Gingrich, Romney take shots at each other on immigration policy

Republican presidential candidate, former Massachusetts Gov. Mitt Romney and Republican presidential candidate, former House Speaker Newt Gingrich on Monday, Nov. 21, 2011.
AP Photo

Republican presidential candidate Newt Gingrich may or may not have "stepped in it" (as Rick Perry might say) when he spoke out in favor of a relatively moderate position on immigration policy in Tuesday night's GOP presidential debate. Either way, he isn't backing down from his position -- and he seems intent on making immigration a headache for his main rival as well.

During Tuesday's CNN foreign policy debate, Gingrich said the U.S. should not break up families of immigrants who entered the United States illegally if they meet certain criteria. He acknowledged it was a risky position for a Republican and said he'd be willing to "take the heat" for it.

In response to Gingrich's remarks, Romney said America should not "have an amnesty system that says that people who come here illegally get to stay for the rest of their life in this country legally."

On Wednesday Gingrich went on the offensive, highlighting evidence that suggested Romney also has a relatively moderate stance on the issue. Gingrich tweeted a link to a video of Romney on NBC's "Meet the Press" in 2007. The clip shows Romney saying that those in the country illegally "should begin a process towards application for citizenship."

In his tweet, Gingrich asked, "So what's your position on citizenship for illegals again? (I oppose it.)"

Gingrich also emailed the link to the press and his supporters, charging that the "Meet the Press" clip "could explain why after the debate Tuesday night, his advisor -- after seven direct questions -- would not answer what he would do with the millions of illegal immigrants already here."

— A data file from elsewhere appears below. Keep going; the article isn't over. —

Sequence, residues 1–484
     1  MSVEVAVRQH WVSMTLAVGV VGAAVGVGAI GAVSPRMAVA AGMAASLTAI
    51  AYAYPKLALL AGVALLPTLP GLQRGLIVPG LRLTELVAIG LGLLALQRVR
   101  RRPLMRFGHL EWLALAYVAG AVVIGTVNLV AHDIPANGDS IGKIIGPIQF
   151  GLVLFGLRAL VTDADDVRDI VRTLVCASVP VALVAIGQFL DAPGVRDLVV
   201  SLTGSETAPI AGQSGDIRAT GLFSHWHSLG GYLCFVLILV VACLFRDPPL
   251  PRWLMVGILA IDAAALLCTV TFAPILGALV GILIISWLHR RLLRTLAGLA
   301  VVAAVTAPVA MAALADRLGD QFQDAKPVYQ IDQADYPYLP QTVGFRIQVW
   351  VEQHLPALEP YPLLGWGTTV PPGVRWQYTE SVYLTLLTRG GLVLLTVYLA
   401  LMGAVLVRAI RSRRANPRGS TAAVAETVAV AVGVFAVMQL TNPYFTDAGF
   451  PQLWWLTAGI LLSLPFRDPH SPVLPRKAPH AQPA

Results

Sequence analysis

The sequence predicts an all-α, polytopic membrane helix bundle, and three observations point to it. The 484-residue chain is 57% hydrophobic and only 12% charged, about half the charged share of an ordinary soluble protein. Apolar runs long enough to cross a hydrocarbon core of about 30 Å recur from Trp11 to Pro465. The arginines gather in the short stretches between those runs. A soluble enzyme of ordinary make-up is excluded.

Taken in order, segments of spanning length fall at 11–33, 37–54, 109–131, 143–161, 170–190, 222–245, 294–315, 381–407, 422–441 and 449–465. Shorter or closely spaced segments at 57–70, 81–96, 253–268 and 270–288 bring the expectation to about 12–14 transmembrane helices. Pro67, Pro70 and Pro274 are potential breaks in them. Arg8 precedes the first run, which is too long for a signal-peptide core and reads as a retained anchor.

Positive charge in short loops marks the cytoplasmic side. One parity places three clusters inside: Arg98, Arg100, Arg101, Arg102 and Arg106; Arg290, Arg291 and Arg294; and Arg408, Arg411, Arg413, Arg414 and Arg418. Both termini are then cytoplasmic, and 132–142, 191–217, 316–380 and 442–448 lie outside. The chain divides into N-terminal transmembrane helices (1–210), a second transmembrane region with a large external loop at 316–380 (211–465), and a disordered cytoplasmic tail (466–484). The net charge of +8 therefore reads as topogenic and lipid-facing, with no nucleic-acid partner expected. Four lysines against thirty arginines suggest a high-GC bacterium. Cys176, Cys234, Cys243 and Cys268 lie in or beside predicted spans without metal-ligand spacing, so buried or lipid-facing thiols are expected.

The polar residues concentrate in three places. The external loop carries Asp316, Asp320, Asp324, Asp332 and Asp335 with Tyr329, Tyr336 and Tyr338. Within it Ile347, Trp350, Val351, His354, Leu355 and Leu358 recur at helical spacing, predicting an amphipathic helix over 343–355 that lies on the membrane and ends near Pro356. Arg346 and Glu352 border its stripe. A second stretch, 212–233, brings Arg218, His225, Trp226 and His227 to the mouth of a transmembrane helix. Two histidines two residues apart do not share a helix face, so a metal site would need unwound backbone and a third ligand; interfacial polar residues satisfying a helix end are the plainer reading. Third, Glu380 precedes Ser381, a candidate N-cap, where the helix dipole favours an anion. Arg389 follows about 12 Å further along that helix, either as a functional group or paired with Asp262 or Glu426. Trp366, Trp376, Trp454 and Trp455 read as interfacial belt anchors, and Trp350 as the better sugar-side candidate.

In fact, Gingrich's position is not far off from Romney's -- Gingrich just took the extra step of naming some criteria by which undocumented immigrants could be allowed to stay in the country.

The former House speaker said recent immigrants should be sent home if they are found out, but "if you've been here 25 years and you got three kids and two grandkids, you've been paying taxes and obeying the law, you belong to a local church, I don't think we're going to separate you from your family, uproot you forcefully and kick you out."

The full statement Romney gave on "Meet the Press," as the Romney camp later provided, doesn't sound too different:

"My own view is, consistent with what you saw in the Lowell Sun, that those people who had come here illegally and are in this country, the 12 million or so that are here illegally, should be able to sign up for permanent residency or citizenship, but they should not be given a special pathway, a special guarantee that all of them get to stay here for the rest of their lives merely by virtue of having come here illegally, and that, I think, is the great flaw in the final bill that came forward from the Senate."

Romney clarified his position on Wednesday in Iowa saying, "Those people who've come to the country illegally should not have a special path, should not have a special pathway that is preferable to those that stand in line in their home countries to be able to come to this country."

He said that what Gingrich was describing could be called it was amnesty, and that it was a "mistake" to try to say which groups of immigrants should be given amnesty.

"How about the people who've been here 20 years, how about 12 years, how about 10, five, three," he said. "How may children do you have to have to apply this principle?"

The response out of Iowa -- the first state to hold its presidential nominating contest -- suggests that Gingrich's remarks could hurt his new standing as a frontrunner.

Craig Robinson, a former Iowa Republican Party political director who runs, said, "Gingrich's stubbornness on this issue will make winning the Iowa caucuses much more difficult. The only thing that will be remembered in this debate is Gingrich's pro-amnesty position."

Tim Albrecht, communications director for Iowa Gov. Terry Branstad (R), tweeted: "Newt did himself significant harm tonight on immigration among caucus and primary voters...GOP-led Iowa House passed Dream Act 99-0 and in next election were wiped out up and down. Newt mis-stepped tonight."